Allen & Collens
Allen & Collens was an architectural partnership between Francis Richmond Allen and Charles Collens that was active from 1904 to 1931.:5 Allen had previously worked in the Boston-based partnerships Allen & Kenway (1878-91) and Allen & Vance (1896-98), which executed Lathrop House (1901) and Davison House (1902) at Vassar College. The firm was known for its Gothic Revival design work.
- Central Presbyterian Church, 593 Park Avenue, New York, New York (Allen & Collens)
- The Cloisters museum buildings, Fort Tryon Park, New York, New York (Allen, Collens & Willis)
- Thompson Memorial Library, Vassar College, Poughkeepsie, New York (Allen & Collens)
- First Parish Church, 87 School St., Waltham, Massachusetts (Allen & Collens)
- Hartford Seminary Foundation, 55 Elizabeth St. and 72-120 Sherman St. Hartford, Connecticut (Collens)
- Lindsey Chapel, Emmanuel Church, Boston (Allen & Collens)
- Newton City Hall and War Memorial, 1000 Commonwealth Ave. Newton, Massachusetts (Allen & Collens)
- Reformed Dutch Church of Poughkeepsie, 70 Hooker Ave. Poughkeepsie, New York (Collens)
- The mansion at Sonnenberg Gardens, the estate house of Mr. and Mrs. Frederick F. Thompson, Canandaigua, New York:5
- Stillington Hall mansion, Gloucester, Massachusetts
- Second Church in Newton, Newton, Massachusetts
- Twin Oaks, Washington, D.C. (Allen & Collens), the home of Gardiner Greene Hubbard, founder of Bell Telephone Company and the National Geographic Society
- Union Theological Seminary, W. 120th St. and Broadway, New York, New York (Allen & Collens)
- United Congregational Church, 877 Park Ave. Bridgeport, Connecticut (Allen & Collens)
- US Post Office, 28 N. Main St., Canandaigua, New York (Allen & Collens)
- William Oxley Thompson Memorial Library, Ohio State University, Columbus, Ohio (Allen & Collens)
- Larry E. Gobrecht (December 1986). "National Register of Historic Places Registration: Canandaigua Post Office". New York State Office of Parks, Recreation and Historic Preservation. Retrieved 2009-06-14. See also: "Accompanying 14 photos".
- Marquis, ed.Who's Who in New England 1915.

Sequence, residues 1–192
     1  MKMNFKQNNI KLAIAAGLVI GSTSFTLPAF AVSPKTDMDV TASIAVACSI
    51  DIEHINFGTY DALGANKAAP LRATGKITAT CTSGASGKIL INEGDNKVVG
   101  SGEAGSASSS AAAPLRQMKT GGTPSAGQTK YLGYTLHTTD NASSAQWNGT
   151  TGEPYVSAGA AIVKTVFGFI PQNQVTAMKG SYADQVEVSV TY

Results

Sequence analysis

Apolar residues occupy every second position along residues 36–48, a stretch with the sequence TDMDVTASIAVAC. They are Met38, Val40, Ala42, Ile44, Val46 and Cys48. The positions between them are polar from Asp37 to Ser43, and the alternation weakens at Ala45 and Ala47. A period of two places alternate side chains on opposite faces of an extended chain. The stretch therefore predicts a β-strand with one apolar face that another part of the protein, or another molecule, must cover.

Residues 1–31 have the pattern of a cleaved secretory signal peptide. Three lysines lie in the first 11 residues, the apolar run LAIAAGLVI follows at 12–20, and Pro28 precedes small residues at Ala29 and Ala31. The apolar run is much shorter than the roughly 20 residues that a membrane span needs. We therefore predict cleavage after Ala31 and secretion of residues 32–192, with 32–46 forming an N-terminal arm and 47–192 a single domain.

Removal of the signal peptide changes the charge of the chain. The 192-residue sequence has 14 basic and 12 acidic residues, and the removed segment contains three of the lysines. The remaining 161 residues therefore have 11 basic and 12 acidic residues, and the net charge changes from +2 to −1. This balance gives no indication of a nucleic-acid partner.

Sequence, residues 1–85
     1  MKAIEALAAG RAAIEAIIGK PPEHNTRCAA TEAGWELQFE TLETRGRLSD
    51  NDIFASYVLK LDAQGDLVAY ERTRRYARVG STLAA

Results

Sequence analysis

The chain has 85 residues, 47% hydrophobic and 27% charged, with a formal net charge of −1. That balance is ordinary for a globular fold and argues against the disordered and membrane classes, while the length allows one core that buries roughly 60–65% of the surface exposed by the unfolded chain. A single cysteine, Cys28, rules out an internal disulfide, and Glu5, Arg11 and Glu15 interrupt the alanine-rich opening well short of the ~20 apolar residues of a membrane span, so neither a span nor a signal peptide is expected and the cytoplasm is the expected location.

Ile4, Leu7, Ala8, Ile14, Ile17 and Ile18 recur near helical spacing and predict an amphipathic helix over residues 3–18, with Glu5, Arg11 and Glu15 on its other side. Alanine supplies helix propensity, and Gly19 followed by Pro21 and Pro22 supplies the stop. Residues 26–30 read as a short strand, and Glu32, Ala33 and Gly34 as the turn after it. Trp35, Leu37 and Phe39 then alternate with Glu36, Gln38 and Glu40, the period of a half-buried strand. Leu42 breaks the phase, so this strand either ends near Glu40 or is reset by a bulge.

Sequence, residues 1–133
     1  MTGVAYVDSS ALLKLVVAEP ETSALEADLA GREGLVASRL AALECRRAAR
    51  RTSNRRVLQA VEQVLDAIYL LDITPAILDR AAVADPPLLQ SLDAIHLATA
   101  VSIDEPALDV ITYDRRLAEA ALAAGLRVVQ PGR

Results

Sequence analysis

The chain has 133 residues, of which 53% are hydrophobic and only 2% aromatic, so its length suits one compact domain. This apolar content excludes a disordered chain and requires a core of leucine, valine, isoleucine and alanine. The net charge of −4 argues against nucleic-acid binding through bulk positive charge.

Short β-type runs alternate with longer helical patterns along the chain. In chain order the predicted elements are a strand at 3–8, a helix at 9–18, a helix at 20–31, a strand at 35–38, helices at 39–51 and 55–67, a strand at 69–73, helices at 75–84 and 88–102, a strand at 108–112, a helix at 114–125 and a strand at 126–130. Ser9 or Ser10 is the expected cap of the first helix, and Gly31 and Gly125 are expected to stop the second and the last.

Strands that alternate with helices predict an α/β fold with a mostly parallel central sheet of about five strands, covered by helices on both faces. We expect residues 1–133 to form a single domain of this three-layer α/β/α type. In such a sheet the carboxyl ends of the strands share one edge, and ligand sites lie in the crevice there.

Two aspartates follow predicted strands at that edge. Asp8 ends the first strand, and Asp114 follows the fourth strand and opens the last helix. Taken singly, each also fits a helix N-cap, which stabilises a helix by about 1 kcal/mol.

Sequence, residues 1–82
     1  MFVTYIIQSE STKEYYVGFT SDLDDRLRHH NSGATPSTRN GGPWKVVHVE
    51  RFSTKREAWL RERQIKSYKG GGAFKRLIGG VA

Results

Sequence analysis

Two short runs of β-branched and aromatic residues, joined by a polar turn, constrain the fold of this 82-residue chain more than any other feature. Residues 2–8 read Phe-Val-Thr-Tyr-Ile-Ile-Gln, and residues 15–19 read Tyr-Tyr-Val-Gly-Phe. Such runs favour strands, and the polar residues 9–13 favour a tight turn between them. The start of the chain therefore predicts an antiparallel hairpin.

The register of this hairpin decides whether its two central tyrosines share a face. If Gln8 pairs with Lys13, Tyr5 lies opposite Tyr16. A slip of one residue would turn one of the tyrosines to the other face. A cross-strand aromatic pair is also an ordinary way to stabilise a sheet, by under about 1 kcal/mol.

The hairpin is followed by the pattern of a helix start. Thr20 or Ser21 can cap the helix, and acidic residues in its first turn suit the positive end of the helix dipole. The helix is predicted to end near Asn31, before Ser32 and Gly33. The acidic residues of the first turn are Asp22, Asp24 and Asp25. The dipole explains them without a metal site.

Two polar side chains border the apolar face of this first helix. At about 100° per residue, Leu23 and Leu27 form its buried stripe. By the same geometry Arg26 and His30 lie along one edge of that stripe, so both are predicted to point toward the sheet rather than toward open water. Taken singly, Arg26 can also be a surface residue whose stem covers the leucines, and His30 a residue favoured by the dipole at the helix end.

- "F. R. Allen Dead; Boston Architect". New York Times. November 8, 1931.
- "Charles Collens Dies; Designed Buildings Here". Hartford Courant. September 20, 1956. p. 5.
- "Central Presbyterian Church". nycago.org. Archived from the original on 2015-12-29.
- "Cloisters Opened on Tryon Heights". The New York Times. May 11, 1938.
- "Architects File Plans For the New Cloisters". The New York Times. April 6, 1935.("Plans of the Cloisters Building ... were filed yesterday by Allen, Collens & Williams, the architects.")
- National Park Service (2010-07-09). "National Register Information System". National Register of Historic Places. National Park Service.
- "Architects & Craftsmen of Lindsey Chapel, Emmanuel Church, Boston". Emmanuel Church.
- "Ron Hazelton House Tour". Good Morning America. January 6, 2006. Retrieved March 16, 2015.
- National Park Service (2007-01-23). "National Register Information System". National Register of Historic Places. National Park Service.
- Kate Ohno and John Herzan (May 1983). "National Register of Historic Places Inventory-Nomination: United Congregational Church" (PDF). National Park Service. and Accompanying 5 photos, from 1983
- "William Oxley Thompson Memorial Library". Austin E. Knowlton School of Architecture Digital Library. The Ohio State University. Retrieved October 6, 2016.
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